In some ways, El Segundo can feel like the South Bay’s forgotten beach town, lacking the popularity of Manhattan Beach’s posh storefronts and Hermosa Beach’s sometimes raucous nightlife. But overlooking El Segundo’s idyllic Main Street area is a mistake. With plenty of restaurants, watering holes, shops and Mayberry-esque charm, downtown El Segundo just might be one of coastal L.A.’s best-kept secrets.
3 p.m.: Fuel up for your afternoon with a stop at Blue Butterfly Coffee Co., 351 Main St. The 23-year-old neighborhood mainstay was named for the El Segundo blue butterfly, native to the area’s sand dunes. With its friendly baristas and bright atmosphere, its ambience seems to embody El Segundo’s de facto mascot. If you’re in the mood for a drink that doubles as a snack, opt for the minty Green Goodness smoothie. Those with a serious sweet tooth will appreciate the turquoise Blue Butterfly Tea — yes, it’s actually turquoise. Take it out back to enjoy on the cafe’s sunny patio.
3:30 p.m. Just a block away, at 337 Richmond St., lies Studio Antiques — a wonderland of turntables, teetering stacks of china, and more knickknacks and trinkets than the average antique store can boast. The depth of the shop’s record collection is impressive, with seemingly every genre represented. “We’ve got everything. ... We have every type of record you can imagine,” said Judy Dudman, a clerk at Studio Antiques. The organized chaos gives way to true pandemonium as you make your way to the shop’s outdoor area, called “Old El Segundo Ghost Town” by the owners. Dudman assured me they have no actual ghosts out back — that she knows of. “But if we do, they’re friendly,” she said with a laugh. With mannequins and chairs attached to the garden shed’s roof, visitors shouldn’t miss exploring every corner of Studio Antiques, inside and out. Keep an eye out for Zelda, the calico rescue cat who calls the shop home.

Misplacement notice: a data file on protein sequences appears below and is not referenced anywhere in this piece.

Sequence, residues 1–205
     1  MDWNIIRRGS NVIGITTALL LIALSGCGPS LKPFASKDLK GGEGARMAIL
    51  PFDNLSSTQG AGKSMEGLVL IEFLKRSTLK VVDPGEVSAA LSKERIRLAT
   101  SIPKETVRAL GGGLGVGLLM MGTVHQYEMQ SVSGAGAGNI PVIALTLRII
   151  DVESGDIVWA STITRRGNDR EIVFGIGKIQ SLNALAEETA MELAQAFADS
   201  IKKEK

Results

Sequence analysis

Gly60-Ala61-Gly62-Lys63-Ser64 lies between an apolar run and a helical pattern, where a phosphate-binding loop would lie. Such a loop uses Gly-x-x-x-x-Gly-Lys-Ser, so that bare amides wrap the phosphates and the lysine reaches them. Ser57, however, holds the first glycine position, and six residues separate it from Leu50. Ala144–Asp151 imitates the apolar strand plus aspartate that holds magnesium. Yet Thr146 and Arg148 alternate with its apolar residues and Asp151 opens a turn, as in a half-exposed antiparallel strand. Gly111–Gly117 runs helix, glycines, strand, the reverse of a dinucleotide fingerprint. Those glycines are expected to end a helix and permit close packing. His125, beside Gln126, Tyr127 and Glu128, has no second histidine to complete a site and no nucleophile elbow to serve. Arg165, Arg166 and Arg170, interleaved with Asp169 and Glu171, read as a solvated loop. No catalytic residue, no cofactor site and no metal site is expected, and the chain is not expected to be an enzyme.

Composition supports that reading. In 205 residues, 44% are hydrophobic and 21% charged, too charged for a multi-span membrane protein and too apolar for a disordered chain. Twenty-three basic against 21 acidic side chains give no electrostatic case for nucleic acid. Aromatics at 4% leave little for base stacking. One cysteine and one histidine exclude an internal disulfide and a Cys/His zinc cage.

4:15 p.m. Despite El Segundo’s small-town feel, it’s not without some high-brow culture. The El Segundo Museum of Art at 208 Main St. is small compared with art museums in Los Angeles, but what it lacks in size it makes up for in experimentation and creativity. The museum calls itself an art laboratory, which “enables us to experiment with new ways a visitor can experience an artwork,” Director of Education Holly M. Crawford said. As soon as I walked into the museum, a friendly staff member gave me a rundown of the exhibitions, such as “Plant” by artist Amely Spoetzl, which explores nature. Another highlight to catch: Los Angeles artist Jasmine Nyende’s interactive piece “A Love Letter to the California Coast,” which visitors are encouraged to touch and alter using embroidery. Both exhibits run until Jan. 25.
5 p.m. Swap heady art for heady brews and make your way across the street to El Segundo Brewing Co. at 140 Main St. The brewery specializes in hop-forward beers like its classic Mayberry West Coast IPA and the Broken Skull IPA, the latter made by the brewery in collaboration with former professional wrestler Steve Austin. Don’t be shy; I’ve found that despite the general bustle of the brewery, bartenders are happy to chat with customers about their beers and make recommendations.
6 p.m. If a few beers spiked your appetite, you’re in luck. Jame Enoteca, a pint-size Californian-Italian restaurant, lies kitty-corner from the brewery, tucked inside a nondescript strip mall at 241 Main St.
Begin your meal with Brussels sprouts and cauliflower before enjoying one of the restaurant’s hand-rolled pastas. Food & Wine called it “one of the best new places to eat pasta in all of Los Angeles.” The cacio e pepe pasta — called “tonnarelli” on the menu — is simple but deeply satisfying. While other restaurants’ takes on this classic dish are richer, Jame Enoteca’s tastes like you could enjoy it every day. Top off your evening with dessert; you won’t be disappointed with the restaurant’s bread pudding.